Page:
Microsoft made a bunch of records management announcements on May 19. Records management is deemed by many to be as interesting as dry soap, so reading this news mightn’t have been high on your priorities. However, buried in the text were two interesting points.
Teams Retention for All
First, all paid Office 365 licenses now cover Teams retention policies. Previously, accounts subject to these policies needed Office 365 E3 or better. Now, a frontline worker F1, entry-level E1 (or G1), or Business basic license suffices.
Teams retention policies apply to chats, messages in private (in preview) and standard channels, and will apply to shared channels when Microsoft ships this functionality later this year. In all cases, the Microsoft 365 substrate captures compliance records for messages and the Exchange Online Managed Folder Assistant (MFA) processes retention policies against the compliance records stored in personal and group mailboxes. Deletions are synchronized back to the Teams message store in Azure Cosmos DB and actioned there.
Another thing I noted is that Microsoft says Teams retention policies for lower-grade licenses have a minimum 30-day retention period. Retention policies for E3 and above can use a 1-day minimum retention. This is probably an example of where Microsoft will use the Teams Pro service plan to deliver differentiated functionality to users. Accounts with E3 or above have Teams Pro, so they can use shorter retention periods.
Second, Microsoft announced the preview of adaptive policy scopes. Today, retention policies apply to all locations which come within the scope of the policy. You can exclude some locations (like mailboxes) from a policy, but you’re limited in terms of the number of exclusions which can exist. Adaptive scoping is like dynamic groups. You create a query to identify the set of accounts which come within the scope of the policy and workloads then apply the policy based on the scope. For example, a scope could target people in a certain country to ensure that retention complies with specific legislation pertaining to that country. Or a retention policy could use a scope to target executives so that their information is retained for longer or shorter periods than the norm.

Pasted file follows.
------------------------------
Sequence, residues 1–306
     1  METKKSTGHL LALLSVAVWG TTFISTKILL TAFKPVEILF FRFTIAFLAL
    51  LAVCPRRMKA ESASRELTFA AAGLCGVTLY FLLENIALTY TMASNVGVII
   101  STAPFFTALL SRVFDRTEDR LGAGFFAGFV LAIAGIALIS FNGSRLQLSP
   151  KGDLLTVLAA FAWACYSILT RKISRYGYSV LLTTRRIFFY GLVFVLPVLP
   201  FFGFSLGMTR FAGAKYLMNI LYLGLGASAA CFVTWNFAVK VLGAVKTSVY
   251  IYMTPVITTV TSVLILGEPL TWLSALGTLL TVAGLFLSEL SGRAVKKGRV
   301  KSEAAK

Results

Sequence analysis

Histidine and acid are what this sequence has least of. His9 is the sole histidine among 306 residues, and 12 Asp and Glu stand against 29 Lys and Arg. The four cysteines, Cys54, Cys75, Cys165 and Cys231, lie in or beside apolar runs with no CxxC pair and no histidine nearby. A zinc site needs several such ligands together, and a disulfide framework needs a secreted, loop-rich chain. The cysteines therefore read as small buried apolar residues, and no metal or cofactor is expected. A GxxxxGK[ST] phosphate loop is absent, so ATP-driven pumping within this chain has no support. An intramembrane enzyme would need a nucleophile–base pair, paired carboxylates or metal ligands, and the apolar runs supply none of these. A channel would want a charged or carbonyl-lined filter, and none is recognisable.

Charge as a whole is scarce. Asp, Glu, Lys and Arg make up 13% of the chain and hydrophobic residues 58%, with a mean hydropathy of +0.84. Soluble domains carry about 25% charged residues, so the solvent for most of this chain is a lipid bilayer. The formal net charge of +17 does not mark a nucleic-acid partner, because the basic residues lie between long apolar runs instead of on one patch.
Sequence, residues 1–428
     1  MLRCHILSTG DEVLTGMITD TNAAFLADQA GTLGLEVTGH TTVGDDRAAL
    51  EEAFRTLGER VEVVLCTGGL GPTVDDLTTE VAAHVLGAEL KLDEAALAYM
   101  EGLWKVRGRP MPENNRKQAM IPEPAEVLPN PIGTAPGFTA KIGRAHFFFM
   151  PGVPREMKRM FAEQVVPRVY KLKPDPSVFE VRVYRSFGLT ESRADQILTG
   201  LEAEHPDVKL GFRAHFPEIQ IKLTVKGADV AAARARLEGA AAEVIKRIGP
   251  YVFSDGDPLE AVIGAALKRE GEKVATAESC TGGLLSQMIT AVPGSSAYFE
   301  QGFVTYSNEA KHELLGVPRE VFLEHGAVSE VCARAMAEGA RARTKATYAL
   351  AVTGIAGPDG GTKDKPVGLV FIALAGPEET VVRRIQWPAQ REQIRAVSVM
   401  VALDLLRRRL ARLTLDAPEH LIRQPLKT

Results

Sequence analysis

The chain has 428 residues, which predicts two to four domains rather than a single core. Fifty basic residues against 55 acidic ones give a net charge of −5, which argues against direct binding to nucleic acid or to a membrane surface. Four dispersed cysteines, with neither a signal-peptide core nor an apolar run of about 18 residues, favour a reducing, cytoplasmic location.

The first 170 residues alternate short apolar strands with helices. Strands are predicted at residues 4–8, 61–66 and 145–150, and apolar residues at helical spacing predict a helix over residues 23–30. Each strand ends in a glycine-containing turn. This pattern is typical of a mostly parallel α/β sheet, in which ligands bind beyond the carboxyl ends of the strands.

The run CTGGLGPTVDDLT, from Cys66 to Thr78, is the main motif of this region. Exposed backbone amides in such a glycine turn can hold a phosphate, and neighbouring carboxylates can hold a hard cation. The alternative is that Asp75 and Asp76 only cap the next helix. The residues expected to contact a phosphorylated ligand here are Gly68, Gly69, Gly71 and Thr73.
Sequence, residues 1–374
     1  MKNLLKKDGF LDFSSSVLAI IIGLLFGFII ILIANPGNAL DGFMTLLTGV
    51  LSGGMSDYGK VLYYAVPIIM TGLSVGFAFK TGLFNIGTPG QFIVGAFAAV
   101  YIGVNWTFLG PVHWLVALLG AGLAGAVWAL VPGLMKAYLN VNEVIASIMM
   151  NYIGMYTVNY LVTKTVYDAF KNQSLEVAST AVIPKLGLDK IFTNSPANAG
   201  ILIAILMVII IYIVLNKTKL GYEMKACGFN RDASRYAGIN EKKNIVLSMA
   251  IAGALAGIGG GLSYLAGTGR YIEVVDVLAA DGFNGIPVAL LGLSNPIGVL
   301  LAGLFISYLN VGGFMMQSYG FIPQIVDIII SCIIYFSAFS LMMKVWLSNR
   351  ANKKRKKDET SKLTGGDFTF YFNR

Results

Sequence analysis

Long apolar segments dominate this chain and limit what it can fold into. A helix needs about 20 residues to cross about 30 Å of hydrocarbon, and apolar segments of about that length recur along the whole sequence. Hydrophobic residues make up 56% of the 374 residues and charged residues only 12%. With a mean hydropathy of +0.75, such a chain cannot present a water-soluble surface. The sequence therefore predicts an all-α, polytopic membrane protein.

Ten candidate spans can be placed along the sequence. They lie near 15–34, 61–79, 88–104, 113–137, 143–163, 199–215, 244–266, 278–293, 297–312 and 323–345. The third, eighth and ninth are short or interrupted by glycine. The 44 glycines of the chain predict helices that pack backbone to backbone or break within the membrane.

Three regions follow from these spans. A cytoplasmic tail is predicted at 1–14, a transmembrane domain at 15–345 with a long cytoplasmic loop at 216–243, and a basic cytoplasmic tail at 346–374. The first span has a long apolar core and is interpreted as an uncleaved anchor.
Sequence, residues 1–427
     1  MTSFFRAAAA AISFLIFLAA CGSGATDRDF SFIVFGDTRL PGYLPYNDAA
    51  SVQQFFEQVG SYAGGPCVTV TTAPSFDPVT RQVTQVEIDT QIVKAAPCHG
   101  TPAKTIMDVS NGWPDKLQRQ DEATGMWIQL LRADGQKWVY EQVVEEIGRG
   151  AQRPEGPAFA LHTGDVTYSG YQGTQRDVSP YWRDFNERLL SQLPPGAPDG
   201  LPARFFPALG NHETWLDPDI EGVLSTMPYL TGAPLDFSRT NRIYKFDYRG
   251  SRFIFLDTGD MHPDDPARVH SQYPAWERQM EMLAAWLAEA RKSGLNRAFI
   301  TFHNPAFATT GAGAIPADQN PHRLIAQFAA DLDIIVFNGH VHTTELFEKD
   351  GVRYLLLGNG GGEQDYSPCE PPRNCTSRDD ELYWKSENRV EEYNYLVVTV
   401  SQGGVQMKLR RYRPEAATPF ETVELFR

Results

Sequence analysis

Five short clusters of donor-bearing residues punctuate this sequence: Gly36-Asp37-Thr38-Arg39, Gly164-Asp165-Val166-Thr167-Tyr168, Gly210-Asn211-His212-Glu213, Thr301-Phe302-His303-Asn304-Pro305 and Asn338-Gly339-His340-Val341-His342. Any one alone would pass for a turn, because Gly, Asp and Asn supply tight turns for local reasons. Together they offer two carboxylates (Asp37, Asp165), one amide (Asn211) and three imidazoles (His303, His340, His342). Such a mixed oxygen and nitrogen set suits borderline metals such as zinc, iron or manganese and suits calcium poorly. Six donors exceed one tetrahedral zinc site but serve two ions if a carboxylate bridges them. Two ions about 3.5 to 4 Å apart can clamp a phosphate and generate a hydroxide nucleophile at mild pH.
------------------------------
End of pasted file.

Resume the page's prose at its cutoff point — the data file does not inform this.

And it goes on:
Attribute-based scoping offers a great deal of flexibility if the attributes used to identify users are accurate and kept updated. This is the perpetual issue for any directory-based processing. However, if you ‘re used to dynamic Microsoft 365 Groups or dynamic distribution lists, your directory is probably accurate and adaptive scopes will come naturally.
Multi-Stage Disposition Reviews
Microsoft is obviously very excited to introduce multi-stage disposition reviews. A disposition review occurs when the retention period of a label applied to a message or document expires and the retention action configured for the label calls for a manual check before the item is finally disposed (deleted, kept for a further period, or have a new label applied). Typically, this happens for documents like project plans, contracts, and the like which might need legal or other review before an organization is allowed to delete the items.
Up to now, a single-stage disposition process applied. In other words, Microsoft 365 keeps items for review by a single set of reviewers and disposes of the items once the reviewers decide what to do. Now, the disposition process can progress through up to five stages involving different reviewers.
Does this matter a lot to the average tenant? Yes, if you use Microsoft 365 record management (and have the necessary licenses) and have a need for manual review before deciding if items should be kept. That covers a small part of the overall installed base, who will be very happy with the prospect of being able to operate a more sophisticated review process. The rest won’t care, which is often the case for Microsoft announcements.